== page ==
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Wednesday, Oct 05, 2022

Explained Books: Why the paths to development vary from nation to nation

Why do some countries prosper and others don’t? Stefan Dercon's book is on the basis of his experience of studying the evolution of several key African and Asian economies over the past few decades. He makes three essential points.

Stefan Dercon; his new book

Title | Gambling on Development: Why Some Countries Win and Others Lose
Author: Stefan Dercon
Publisher: C Hurst & Co Publishers Ltd
Pages: 360

Why do some countries prosper and others don’t? If we knew of a silver bullet that would guarantee a country’s development, millions could be lifted out of poverty, all nations would become rich, and good quality education and healthcare would prevail no matter where you lived on the planet. This is especially relevant for India as it embarks on a goal to become a “developed country” over the next 25 years.

In the past, several books have been written on this topic. These include David Landes’ Wealth And Poverty Of Nations: Why Some Are So Rich And Some So Poor (1998), and Why Nations Fail: The Origins of Power, Prosperity and Poverty (2012) by Daron Acemoglu and James Robinson. So what new insight does Stefan Dercon provide?

A professor of economic policy and director of the Centre for the Study of African Economies at the University of Oxford, Dercon has written this book on the basis of his experience of studying the evolution of several key African and Asian economies over the past few decades. He makes three essential points.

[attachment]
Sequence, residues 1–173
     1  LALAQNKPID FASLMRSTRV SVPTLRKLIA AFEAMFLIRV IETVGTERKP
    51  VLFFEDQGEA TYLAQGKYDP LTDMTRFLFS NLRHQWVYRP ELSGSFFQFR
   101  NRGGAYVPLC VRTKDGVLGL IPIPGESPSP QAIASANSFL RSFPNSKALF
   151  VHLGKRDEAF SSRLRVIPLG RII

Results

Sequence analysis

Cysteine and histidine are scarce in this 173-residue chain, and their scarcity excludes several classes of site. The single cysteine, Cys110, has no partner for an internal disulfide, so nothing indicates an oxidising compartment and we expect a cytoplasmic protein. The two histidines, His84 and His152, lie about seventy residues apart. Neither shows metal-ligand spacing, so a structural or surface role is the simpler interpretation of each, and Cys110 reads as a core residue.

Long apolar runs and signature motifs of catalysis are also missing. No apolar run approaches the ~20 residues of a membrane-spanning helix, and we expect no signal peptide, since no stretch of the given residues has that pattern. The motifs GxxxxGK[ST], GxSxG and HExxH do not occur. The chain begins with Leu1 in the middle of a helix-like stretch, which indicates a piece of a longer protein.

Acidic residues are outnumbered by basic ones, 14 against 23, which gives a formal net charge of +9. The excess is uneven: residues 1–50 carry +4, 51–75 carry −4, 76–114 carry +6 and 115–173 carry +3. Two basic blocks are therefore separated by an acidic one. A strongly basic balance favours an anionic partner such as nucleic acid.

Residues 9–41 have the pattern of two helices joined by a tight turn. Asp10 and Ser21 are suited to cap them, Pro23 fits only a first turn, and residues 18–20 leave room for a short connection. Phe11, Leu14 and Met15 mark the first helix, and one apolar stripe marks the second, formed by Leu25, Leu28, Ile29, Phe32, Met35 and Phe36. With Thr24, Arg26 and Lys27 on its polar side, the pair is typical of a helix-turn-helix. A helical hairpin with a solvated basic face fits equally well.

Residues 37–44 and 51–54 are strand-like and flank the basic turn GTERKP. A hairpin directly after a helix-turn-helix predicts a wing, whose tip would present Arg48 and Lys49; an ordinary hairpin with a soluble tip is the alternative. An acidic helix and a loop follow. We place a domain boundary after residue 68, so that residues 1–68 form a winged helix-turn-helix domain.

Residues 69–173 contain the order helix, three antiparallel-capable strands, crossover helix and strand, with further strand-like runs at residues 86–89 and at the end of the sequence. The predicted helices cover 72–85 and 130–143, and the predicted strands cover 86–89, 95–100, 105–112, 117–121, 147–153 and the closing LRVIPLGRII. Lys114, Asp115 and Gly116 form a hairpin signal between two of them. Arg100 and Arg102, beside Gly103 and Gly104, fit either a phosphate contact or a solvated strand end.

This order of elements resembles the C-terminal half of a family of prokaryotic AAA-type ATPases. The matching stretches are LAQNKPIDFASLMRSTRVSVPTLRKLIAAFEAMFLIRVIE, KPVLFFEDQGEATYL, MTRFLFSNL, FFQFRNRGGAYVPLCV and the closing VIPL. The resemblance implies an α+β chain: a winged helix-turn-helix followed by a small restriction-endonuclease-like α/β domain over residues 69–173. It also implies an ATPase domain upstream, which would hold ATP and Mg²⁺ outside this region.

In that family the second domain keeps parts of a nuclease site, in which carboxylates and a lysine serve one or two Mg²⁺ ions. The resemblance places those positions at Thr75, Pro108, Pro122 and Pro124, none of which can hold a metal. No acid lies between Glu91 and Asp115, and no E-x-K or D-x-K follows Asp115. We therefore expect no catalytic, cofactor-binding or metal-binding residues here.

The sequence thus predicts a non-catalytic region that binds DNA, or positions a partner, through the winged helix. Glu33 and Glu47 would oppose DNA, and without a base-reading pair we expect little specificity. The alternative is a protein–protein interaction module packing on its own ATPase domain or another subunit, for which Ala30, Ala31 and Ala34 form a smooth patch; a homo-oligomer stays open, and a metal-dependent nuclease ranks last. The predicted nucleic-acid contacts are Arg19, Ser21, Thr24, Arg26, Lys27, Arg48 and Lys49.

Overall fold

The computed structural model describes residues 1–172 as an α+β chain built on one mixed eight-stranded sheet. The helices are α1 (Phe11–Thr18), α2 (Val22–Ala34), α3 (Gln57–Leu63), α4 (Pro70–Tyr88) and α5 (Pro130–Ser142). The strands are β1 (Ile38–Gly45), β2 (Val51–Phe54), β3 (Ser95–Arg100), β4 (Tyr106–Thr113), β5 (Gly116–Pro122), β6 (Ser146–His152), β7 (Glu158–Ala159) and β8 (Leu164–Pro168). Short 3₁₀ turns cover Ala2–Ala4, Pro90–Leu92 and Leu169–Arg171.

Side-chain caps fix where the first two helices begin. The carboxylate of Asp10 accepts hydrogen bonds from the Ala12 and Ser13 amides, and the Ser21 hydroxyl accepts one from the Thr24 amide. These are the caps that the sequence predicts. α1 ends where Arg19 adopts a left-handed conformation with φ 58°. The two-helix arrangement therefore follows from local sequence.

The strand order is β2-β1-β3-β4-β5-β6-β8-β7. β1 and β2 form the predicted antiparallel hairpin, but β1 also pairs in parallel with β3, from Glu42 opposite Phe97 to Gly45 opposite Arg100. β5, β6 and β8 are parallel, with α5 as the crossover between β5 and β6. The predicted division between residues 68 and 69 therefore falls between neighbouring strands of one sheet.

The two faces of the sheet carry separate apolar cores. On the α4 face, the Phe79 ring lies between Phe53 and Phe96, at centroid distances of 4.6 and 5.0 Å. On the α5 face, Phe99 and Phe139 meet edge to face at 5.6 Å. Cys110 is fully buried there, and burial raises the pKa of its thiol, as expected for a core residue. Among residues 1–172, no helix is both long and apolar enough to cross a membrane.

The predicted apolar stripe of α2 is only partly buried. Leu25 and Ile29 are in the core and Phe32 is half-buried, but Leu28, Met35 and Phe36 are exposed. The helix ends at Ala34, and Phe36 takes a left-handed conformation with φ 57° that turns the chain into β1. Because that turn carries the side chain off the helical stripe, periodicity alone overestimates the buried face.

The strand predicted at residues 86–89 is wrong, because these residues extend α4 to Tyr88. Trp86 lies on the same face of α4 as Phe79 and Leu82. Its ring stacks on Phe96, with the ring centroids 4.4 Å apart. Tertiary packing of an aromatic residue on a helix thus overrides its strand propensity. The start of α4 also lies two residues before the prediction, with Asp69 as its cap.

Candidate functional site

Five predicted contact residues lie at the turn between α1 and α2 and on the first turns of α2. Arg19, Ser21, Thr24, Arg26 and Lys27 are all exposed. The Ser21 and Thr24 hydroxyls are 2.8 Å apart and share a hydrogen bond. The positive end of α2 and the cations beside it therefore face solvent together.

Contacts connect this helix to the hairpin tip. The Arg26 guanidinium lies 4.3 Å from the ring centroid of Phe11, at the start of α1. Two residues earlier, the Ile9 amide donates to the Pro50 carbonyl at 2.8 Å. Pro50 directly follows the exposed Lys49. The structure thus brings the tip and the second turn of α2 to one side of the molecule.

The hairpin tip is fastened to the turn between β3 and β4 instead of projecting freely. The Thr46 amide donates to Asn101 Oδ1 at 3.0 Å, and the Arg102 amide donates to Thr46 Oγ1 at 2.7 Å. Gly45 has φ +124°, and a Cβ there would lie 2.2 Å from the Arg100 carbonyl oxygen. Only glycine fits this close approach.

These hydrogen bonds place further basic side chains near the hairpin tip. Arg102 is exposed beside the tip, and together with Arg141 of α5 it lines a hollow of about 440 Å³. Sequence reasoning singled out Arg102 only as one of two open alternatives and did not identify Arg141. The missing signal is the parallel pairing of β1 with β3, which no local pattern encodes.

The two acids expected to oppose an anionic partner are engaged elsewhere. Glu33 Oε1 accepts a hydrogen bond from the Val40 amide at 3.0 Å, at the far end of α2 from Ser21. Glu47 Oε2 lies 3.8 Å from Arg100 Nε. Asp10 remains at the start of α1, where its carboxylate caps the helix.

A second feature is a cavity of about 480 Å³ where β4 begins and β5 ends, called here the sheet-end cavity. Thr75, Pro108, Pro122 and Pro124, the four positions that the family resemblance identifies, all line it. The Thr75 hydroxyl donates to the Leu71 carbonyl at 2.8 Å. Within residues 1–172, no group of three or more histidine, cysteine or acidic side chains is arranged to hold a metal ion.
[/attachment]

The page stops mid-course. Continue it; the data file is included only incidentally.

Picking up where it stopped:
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His first contention is that while a lot of existing research has focussed on the specific winning blueprints of development, the fact is successful countries appear to have pursued a relatively diverse set of economic and other policies. For instance, China and India have had different strategies for development. In other words, “there is no one, cost-free path to development.”

Two, a better understanding is needed of why some countries implemented sensible economic and other policies, while others never did, despite often claiming they would. “Understanding why the rhetoric was followed by action in some places and not in others is at the centre of understanding how development works,” writes Dercon.

Three — and this is where Dercon shares with readers his core idea — successful growth and development require the presence of a “development bargain”, that is, an underlying commitment to growth and development by members of a country’s elite (the people within the fabric of society, the economy and politics who make decisions or can disproportionately influence them).

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The obvious question is: What will ensure that such a bargain takes place? For this, Dercon says, three conditions must be met.

First, durable political and economic deals among the elite: for development, long periods of peace and stability are essential. Second, “Success requires finding a balance between what the state should do and what it can do — and local circumstances will dictate what this is.” In other words, a mature, sensible state. Third, says Dercon, is the ability to learn from mistakes and course-correct.

Explained Books appears every Saturday. It summarises the core argument of an important work of non-fiction.

First published on: 20-08-2022 at 03:59:35 am
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